November 4, 2009
The undersigned scientific and professional societies, patient advocacy organizations, and research institutions write to express our concern that the Great Ape Protection Act (GAPA, H.R. 1326) will harm medical research that benefits both humans and great apes. The research community is strongly committed to ensuring that the highest quality of humane care is maintained for all animals used in research, that animals are housed and maintained under conditions appropriate to their species, and that research involves only the minimum number of animals required to obtain valid results. However, this bill would halt ongoing biomedical research into such diseases as hepatitis C for which no other animal model exists.
Chimpanzees are a unique and invaluable resource for ethically conducted biomedical research, particularly translational research through which scientific discoveries are advanced into treatments and cures. Not only has such research contributed significantly to the development of vaccines for hepatitis A and B and discovery of HIV, but chimpanzees remain critical animal models in the development of vaccines and treatments for hepatitis C, HIV/AIDS, cancer, and malaria, as well as a number of other deadly and debilitating diseases. According to the Centers for Disease Control, currently more than 3.2 million people in the United States are infected with hepatitis C, a disease for which there is no viable alternative to chimpanzees for research purposes.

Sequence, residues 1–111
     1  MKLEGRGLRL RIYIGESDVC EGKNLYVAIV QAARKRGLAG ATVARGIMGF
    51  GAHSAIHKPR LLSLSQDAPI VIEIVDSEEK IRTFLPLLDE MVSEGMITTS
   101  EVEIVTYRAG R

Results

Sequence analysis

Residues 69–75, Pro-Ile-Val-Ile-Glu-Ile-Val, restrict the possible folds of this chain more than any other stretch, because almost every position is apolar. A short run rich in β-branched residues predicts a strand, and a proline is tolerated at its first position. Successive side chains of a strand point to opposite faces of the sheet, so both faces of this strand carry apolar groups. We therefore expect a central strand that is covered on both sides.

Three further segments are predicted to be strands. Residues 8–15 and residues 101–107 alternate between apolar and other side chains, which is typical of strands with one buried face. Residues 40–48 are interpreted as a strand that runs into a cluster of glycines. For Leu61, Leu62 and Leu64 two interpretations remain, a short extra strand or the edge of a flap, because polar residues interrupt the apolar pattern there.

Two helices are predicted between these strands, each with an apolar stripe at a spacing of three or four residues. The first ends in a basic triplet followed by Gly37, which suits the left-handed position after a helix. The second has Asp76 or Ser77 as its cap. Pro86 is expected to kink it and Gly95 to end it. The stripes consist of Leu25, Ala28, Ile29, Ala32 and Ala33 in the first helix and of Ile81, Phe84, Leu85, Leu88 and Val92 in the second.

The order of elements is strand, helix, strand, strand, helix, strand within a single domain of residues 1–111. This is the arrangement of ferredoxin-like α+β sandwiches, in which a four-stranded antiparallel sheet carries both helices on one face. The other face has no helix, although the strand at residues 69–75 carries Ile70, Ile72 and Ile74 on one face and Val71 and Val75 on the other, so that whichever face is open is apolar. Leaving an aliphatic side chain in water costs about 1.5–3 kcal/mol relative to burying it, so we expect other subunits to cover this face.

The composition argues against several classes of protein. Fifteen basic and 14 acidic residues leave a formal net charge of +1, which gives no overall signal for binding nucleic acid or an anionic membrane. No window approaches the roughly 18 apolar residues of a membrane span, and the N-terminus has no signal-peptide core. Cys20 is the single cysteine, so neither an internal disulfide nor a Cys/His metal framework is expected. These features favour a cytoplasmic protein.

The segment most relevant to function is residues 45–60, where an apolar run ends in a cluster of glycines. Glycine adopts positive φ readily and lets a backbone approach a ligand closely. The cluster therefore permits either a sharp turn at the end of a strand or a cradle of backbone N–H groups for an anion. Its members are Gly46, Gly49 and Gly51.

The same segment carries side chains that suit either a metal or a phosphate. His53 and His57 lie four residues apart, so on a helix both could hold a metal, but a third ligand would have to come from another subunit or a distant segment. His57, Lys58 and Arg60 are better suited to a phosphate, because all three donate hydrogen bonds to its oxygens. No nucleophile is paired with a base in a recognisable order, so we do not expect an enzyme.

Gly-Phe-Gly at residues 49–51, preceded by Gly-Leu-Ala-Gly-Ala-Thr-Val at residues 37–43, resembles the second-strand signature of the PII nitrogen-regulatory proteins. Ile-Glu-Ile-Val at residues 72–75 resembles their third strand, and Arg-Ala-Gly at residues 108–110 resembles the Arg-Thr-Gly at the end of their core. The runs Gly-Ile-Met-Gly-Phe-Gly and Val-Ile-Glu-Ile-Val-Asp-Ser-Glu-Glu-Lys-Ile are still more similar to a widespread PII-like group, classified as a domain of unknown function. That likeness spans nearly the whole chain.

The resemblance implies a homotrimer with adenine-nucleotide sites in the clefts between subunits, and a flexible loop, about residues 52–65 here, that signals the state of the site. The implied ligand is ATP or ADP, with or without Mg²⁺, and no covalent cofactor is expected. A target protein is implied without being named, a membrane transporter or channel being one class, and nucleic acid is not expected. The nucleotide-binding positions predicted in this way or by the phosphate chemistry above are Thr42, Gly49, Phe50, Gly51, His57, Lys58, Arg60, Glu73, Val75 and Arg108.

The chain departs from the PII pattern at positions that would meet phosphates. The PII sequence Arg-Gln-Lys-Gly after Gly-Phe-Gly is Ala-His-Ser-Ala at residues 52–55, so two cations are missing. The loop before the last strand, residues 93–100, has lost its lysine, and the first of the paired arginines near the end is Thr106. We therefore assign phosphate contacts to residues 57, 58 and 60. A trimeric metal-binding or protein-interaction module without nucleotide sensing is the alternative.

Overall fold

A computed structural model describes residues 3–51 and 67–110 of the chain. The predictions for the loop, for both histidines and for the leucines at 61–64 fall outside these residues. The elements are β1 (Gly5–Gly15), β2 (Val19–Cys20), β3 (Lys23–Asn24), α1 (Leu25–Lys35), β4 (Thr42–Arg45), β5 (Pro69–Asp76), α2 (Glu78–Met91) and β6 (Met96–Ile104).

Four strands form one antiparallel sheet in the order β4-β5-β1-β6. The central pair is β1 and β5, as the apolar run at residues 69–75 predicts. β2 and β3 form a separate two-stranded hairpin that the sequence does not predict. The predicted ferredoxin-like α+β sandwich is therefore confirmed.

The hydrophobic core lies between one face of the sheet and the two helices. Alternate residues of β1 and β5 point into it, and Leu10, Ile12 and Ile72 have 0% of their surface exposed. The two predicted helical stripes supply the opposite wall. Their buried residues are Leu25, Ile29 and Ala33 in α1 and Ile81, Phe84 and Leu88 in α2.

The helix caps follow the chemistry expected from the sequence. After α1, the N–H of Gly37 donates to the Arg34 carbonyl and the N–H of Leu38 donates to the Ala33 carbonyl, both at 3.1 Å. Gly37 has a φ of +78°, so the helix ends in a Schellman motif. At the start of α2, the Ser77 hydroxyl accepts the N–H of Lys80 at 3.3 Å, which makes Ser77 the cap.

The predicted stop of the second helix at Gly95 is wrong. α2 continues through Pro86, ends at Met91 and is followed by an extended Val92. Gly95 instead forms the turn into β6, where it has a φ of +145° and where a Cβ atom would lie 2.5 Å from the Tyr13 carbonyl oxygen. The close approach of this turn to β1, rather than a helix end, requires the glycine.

In addition, we are concerned that GAPA will negatively affect research that directly benefits the apes themselves, such as development of an Ebola vaccine to protect chimpanzees in the wild, or cardiovascular research aimed at helping gorillas in captivity.
Passage of GAPA would cause irreparable damage to our ability to find treatments and create vaccines for the deadly diseases of today, as well as severely hampering our ability to respond to the emerging infections of tomorrow. Scientists take research using non-human primates extremely seriously, and multiple protections exist in law and through accreditation to ensure these animals are well-treated and used with respect. For the health of our nation and the true protection of great apes, we urge you to oppose the Great Ape Protection Act.
American Association for the Advancement of Science
American Association of Anatomists
American Association for Laboratory Animal Science
American Liver Foundation
American Physiological Society
American Psychological Association
American Society for Investigational Pathology
Americans for Medical Progress
Association for Research in Vision and Ophthalmology
American Society for Bone and Mineral Research
American Society of Human Genetics
American Society for Pharmacology and Experimental Therapeutics
Federation of American Societies for Experimental Biology
National Primate Research Centers
Society for Neuroscience
Southwest Foundation for Biomedical Research